recovery in Christ when life is broken

If You Knew My Secret, Would You Even Like Me?

 

As I sat in church in 1997 reflecting on the events that brought me to this point in life, no one would have believed the pain I was feeling on the inside. I sat lost in my emotions. Many didn’t understand the cold feelings sent my way by my wife, even though we enjoyed fellowship with a few other couples in the congregation. I was experiencing success on the job, moving up in my organization with new and exciting opportunities coming in regular intervals. We lived in a beautiful house located in a recognizable community. Our children appeared to be flourishing. I was being groomed to be the next president of our congregation, while leading small groups of Christians who respected me. I enjoyed an active lifestyle in the local golfing community. We took family vacations to the beach each year. Growing up in a violent and addiction ridden home, I was often told that I beat the odds. I considered myself a survivor...All of this, because I kept secrets!

Everyone only knew the public me, not the “behind closed doors” person. That person was very insecure and afraid.

I met my wife during a period of time which I had been free from the demons in my closet. I thought I had beat them in 1995 when we married. Free for over a year, I was living a healthy and focused life. We met through a dating service, and hit it off from the start. Dating only 3 months before tying the knot, we both felt we knew what we were looking for, and found it. Thank God for his grace!

About a year into the marriage, things weren’t as rosy as I had hoped. My wife’s two daughters didn’t take to me as I had imagined they would, pressure at work had placed demands on our time, and I felt a distance from her that scared me. I turned to pornography as comfort, this was my secret. When she caught me, the pain was way more than I anticipated. I had deceived her, and hurt her more than I ever thought possible.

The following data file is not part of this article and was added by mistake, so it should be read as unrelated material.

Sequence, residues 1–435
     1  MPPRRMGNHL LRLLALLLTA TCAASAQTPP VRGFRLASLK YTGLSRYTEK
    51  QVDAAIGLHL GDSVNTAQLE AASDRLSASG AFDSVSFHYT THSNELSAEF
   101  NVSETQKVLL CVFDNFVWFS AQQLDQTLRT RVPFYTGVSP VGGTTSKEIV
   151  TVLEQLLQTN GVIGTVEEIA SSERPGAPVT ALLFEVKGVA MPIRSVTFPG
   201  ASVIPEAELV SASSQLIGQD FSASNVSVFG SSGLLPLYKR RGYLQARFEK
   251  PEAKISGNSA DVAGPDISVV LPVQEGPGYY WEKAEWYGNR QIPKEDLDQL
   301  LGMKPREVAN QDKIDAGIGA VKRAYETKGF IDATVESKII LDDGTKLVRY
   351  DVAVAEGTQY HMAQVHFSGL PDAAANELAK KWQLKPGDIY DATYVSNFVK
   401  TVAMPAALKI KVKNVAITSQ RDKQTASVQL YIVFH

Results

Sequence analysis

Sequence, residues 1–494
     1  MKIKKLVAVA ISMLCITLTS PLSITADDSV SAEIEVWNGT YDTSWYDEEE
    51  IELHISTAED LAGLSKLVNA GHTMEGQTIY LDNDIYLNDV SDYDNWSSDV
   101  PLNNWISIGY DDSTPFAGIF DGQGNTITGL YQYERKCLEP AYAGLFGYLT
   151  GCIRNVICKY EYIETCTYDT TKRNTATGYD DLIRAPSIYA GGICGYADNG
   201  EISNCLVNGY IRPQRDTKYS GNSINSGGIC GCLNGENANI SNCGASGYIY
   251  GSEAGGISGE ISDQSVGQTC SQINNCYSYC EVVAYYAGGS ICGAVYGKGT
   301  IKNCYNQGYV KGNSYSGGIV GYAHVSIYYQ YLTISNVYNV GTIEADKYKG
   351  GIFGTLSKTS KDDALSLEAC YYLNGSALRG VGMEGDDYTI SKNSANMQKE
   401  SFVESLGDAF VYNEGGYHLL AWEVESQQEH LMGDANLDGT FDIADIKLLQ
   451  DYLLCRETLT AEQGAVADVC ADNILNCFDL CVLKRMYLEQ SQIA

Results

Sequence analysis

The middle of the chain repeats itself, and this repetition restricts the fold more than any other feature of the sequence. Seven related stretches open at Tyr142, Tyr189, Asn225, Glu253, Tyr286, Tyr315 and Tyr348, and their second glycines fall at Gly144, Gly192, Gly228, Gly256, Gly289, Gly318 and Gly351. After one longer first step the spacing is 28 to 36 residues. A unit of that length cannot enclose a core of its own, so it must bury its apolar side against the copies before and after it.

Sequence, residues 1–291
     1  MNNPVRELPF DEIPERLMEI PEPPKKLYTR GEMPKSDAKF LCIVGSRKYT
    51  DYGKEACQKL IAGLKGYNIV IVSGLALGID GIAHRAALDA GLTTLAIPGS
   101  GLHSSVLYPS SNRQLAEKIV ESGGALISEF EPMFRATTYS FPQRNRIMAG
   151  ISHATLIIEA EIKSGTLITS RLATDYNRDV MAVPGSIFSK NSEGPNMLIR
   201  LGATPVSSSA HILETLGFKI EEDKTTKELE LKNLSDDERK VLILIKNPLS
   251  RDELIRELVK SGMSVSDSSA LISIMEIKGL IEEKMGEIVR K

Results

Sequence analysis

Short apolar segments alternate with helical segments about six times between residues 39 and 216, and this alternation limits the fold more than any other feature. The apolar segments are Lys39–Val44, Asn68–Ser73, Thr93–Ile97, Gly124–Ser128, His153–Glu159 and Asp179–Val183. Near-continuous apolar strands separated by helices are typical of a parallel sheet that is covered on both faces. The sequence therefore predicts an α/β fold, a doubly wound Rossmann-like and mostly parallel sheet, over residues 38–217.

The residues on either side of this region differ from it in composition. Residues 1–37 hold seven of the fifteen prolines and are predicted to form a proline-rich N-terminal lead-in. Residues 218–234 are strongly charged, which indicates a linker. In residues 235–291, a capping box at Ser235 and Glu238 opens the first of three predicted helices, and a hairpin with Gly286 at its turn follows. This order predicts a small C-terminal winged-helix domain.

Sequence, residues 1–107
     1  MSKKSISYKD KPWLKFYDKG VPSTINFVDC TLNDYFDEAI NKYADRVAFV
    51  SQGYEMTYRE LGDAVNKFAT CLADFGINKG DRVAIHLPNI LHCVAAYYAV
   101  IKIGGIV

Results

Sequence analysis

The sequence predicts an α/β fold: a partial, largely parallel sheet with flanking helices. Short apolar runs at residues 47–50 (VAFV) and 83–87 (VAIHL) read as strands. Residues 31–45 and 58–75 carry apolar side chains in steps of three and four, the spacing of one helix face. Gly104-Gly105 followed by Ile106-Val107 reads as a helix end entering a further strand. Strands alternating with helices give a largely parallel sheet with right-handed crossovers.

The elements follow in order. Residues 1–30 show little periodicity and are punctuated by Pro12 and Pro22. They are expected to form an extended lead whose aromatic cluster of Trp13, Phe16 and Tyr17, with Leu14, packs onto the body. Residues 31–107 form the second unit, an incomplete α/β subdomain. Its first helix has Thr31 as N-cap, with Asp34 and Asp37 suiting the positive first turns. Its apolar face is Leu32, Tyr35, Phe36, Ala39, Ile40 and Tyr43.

My wife was willing to stay with me, even though we were just existing. There was a cloud hanging over me that I couldn’t get relief from. I was addicted to pornography, and now she knew my secret.

Soon after, we moved to Tennessee and found a church. After taking the membership class, they suggested we get into a small group. This was the last thing I wanted to do! I had kept my secret for years, and had no intentions of bringing it out of the closet. We continued to struggle, just existing as husband and wife. I thought it would only be painful for us to bring it back up. Well…really, I didn’t want to cause ME any pain, because I was rebuilding my image in a new place. And, I couldn’t bear to see the hurt that I had caused in her eyes again. But, she wanted to join the group, so I agreed.

Though I kept my secret from this group, I met a mentor who would disciple me for the next 5 years. What a blessing! He had a heart for people like me—a Christian, who didn’t know how to have a relationship with God. Through his guidance, I was able to lead some church groups. Because of my service, I was asked to be part of a team that would bring recovery to our church. Our pastor asked if I could go with him to Dallas to meet the leadership team for re:generation.